When traveling together for three weeks in England, we paid homage to all of the great recording studios, tried to find Mark Hollis at EMI headquarters, and even (oh so very obnoxiously) thought we’d tracked down Sting’s house. Kevin rang the doorbell, but, thank the Good Lord, neither Mr. Sting nor Mrs. Sting answered.
We also, of course, visited Stonehenge.
If we’d had Facebook, then, we probably would’ve visited Greg Spawton, David Longdon, Matt Stevens (was he in kindergarten, then?), Robin Armstrong, Matt Cohen, and Giancarlo Erra, too. “Who are these crazy Americans knocking on our door! Go visit someone like Mr. and Mrs. Sting!”
Our third year, back at our Catholic college in northern Indiana, we shared a dorm room. That year, I also hosted a Friday night prog show (called, can you believe it, “Nocturnal Omissions”–I really thought I was clever) on our college radio station, and Kevin would often co-host with me. He founded a band, St. Paul and the Martyrs, which became the most popular band on campus, covering everything from XTC to Yes to Blancmange.
Our final year, I helped produce an extremely elaborate charity concert, and St. Paul and the Martyrs performed–the entire Dark Side of the Moon, complete with a avant garde film and elaborate stage lighting, followed by a performance (less elaborate in terms of production) of side one of Spirit of Eden.
When Kevin returned from several years in Japan and (truly) traveling the world, we spent a few years together in graduate school, Kevin in music, me in history.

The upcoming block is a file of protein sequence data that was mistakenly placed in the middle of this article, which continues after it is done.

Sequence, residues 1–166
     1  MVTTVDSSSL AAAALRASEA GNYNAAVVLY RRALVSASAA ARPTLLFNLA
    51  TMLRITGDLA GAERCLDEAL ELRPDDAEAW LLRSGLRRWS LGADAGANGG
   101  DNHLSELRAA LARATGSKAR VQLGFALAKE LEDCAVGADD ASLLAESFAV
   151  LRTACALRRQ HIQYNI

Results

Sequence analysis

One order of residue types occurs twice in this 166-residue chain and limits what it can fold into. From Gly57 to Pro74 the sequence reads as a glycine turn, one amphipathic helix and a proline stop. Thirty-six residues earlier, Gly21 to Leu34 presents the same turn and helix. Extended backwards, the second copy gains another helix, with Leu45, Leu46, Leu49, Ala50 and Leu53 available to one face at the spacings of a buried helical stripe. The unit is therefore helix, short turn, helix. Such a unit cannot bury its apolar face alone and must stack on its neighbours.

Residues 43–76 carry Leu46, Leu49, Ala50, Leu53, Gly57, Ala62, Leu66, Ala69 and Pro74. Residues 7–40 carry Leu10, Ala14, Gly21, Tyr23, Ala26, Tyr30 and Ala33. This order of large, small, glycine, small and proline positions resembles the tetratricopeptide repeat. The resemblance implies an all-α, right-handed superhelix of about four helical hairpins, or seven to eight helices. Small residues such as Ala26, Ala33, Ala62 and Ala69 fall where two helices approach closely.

Kevin is godfather to my oldest son, and I to his second daughter. We remain as close as we ever were.
What about the music?
Come on, Birzer. This is a music site, not a “here’s what I did in college” site. True, true. But, so much of my own thoughts regarding Kevin’s music are related to our friendship. Every time I put on one of his albums, it’s as though I’ve just had one of the best conversations in my life.
So, I’ve asked others at Progarchy to review With the Coming of Evening. You know my bias–so, now I’ll state what I believe as objectively as possible.
Kevin is brilliant, as a lyricist, as a composer, and as a person. His first album, With the Coming of Evening, the first of a trilogy, is a stunning piece of work, and it deserves to be regarded not just as a post-rock classic, but as a rock and prog classic.
It’s not easy listening. Kevin takes so many chances and weaves his music in so many unusual ways, that one has to immerse oneself in it. It’s gorgeous. It’s like reading a T.S. Eliot poem. No one who wants to understand an Eliot poem reads it as a spectator. You either become a part of it, or you misunderstand it.
If there’s a misstep on the album, it comes with the 9th track, “Looks Like Rain.” Its blues structure and blue lamentations stick out a little too much. A remix of this album would almost certainly leave this song out. It’s still an excellent song. It just doesn’t fit tightly with the rest of the album–which really must be taken as an organic and mesmeric whole.
Kevin took six years to write and record the follow-up album, Squall (1999), and he’s ready to record the conclusion to the trilogy.
More on Kevin to come. . . .
But, for now, treat yourself to his backcatalogue. I give it my highest recommendation. And, of course, it doesn’t hurt that he one of the nicest guys in all of creation. . . .